SOPHIE MACKINTOSH: Surreal and hazy, Alexis’s work is like stepping into a dream – one of mountain ranges and cut-up collages and texture that makes you want to touch the page. Working with everything from found objects to photography, her work is powerful and evocative. She received her MFA from the Glasgow School of Art and has worked with Canadian magazines Canadian Dimensions and The Manitoban.
How long have you been illustrating?
I started doing some illustration work in my undergrad in Winnipeg in 2006, but took a bit of a break from it since moving to Glasgow to do my MFA.
What attracted you to the idea of working on a book cover?
I love a great book cover! I like books that are beautiful objects as well as a good story or piece of writing. So, the prospect of making an interesting cover that would also subtly reflect the themes and contents of the story was a nice challenge for me.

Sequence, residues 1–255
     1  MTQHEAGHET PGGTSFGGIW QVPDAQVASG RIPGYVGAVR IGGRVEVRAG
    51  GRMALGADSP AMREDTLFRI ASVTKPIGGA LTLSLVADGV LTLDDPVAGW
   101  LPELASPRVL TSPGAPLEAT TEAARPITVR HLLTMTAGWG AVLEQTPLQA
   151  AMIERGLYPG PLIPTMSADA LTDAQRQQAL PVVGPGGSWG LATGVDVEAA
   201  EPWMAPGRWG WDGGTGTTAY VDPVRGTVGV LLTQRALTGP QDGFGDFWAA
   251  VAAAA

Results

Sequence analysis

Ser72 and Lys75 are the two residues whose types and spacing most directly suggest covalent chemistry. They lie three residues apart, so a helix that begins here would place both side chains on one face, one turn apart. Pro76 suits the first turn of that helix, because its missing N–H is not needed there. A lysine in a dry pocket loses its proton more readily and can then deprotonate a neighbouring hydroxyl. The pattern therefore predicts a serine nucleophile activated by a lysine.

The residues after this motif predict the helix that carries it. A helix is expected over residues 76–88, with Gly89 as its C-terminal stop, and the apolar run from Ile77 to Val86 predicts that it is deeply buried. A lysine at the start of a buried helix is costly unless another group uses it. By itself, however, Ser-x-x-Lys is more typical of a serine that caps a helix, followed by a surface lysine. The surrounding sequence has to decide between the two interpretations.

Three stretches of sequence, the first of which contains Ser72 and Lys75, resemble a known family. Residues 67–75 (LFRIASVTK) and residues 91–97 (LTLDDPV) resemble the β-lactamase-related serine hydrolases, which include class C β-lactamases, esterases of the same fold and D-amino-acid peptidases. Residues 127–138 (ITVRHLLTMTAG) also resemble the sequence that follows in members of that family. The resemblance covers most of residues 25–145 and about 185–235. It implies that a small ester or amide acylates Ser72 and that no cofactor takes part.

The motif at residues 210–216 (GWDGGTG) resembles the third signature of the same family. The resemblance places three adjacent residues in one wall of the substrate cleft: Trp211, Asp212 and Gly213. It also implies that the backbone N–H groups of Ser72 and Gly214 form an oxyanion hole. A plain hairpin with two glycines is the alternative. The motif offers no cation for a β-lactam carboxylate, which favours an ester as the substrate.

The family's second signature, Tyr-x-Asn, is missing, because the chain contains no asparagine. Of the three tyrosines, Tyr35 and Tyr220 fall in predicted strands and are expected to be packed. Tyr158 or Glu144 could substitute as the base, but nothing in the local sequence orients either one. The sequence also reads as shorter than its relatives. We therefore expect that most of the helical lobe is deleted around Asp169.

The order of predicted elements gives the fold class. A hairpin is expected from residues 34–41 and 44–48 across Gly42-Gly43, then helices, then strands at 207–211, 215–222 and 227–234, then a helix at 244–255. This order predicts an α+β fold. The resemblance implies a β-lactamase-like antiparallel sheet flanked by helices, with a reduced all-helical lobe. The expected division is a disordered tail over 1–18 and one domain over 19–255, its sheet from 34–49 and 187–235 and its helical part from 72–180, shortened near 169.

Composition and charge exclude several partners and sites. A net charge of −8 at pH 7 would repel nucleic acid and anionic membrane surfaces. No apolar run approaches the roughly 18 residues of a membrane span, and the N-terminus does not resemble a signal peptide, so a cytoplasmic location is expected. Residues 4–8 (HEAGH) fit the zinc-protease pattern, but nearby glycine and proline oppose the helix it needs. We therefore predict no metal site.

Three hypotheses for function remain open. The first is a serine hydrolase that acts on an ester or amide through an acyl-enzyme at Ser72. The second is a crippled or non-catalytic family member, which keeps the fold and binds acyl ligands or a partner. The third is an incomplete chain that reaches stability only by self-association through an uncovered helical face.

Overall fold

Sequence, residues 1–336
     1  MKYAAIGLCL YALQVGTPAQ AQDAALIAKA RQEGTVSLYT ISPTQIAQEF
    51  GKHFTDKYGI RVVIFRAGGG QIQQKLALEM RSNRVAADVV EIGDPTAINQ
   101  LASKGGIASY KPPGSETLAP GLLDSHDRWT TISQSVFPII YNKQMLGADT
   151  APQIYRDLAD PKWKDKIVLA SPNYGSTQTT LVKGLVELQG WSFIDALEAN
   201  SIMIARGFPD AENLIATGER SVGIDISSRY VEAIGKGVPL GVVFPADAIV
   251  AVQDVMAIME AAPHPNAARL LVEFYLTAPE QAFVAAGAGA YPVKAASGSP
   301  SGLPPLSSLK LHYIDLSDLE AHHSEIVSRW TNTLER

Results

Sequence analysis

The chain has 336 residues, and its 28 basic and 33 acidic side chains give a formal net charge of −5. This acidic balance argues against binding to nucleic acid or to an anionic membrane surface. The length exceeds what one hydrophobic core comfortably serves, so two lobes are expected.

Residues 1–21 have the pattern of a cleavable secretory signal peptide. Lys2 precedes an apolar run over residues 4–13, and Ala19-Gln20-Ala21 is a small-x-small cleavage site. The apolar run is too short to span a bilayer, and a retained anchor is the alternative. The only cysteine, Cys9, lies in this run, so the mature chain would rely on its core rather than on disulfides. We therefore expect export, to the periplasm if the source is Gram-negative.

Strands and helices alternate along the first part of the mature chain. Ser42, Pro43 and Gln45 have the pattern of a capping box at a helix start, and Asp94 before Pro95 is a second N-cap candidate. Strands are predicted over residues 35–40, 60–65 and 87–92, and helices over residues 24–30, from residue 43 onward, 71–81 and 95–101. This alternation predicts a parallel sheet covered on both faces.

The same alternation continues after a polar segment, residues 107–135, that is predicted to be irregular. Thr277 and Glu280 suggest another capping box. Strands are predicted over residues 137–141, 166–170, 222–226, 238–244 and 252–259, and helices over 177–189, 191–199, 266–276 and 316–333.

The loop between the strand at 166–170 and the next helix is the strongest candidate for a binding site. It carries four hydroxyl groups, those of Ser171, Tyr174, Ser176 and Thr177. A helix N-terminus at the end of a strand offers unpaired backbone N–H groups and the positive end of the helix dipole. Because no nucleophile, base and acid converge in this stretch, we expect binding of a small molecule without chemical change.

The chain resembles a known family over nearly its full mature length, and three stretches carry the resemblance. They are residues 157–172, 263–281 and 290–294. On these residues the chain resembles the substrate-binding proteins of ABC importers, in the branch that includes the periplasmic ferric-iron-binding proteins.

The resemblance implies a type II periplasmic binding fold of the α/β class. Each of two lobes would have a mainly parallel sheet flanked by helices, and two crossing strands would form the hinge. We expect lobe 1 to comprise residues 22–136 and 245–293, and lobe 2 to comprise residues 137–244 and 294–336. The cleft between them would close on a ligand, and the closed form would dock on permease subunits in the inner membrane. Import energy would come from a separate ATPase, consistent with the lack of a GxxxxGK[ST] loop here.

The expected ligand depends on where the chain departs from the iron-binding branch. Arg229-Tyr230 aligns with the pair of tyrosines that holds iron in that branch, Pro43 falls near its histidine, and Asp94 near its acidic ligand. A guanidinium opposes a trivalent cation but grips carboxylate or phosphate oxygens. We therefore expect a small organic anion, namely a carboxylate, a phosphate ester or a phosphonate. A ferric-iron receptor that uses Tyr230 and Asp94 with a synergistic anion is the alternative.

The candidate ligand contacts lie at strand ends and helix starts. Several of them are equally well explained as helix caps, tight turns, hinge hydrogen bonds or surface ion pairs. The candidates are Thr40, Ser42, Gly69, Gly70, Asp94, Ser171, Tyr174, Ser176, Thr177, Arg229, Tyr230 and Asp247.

Sum up your aesthetic in 3 words:
Compulsive landscape deconstruction.
If you were an artistic medium, what would you be?
Tell us about your creative workspace:
My workspace is underneath a loft in my living room. There is a big wood table and some plants and a bookcase that I keep all my old National Geographics on, and other collections of books I use for my work. It’s nice to work from home on some projects, as it’s much warmer than some of the studios I’ve had during a winter in Glasgow!
And finally, describe your perfect map:
My favorite kinds of maps are old illustrated topographical atlases of mountain ranges. I love all the linear details and the amazing textural quality of those maps, and the fact that they describe the whole geological make-up of an area – not just the route from destination to destination.
Check out Alexis’s blog at http://alexisdirks.blogspot.com/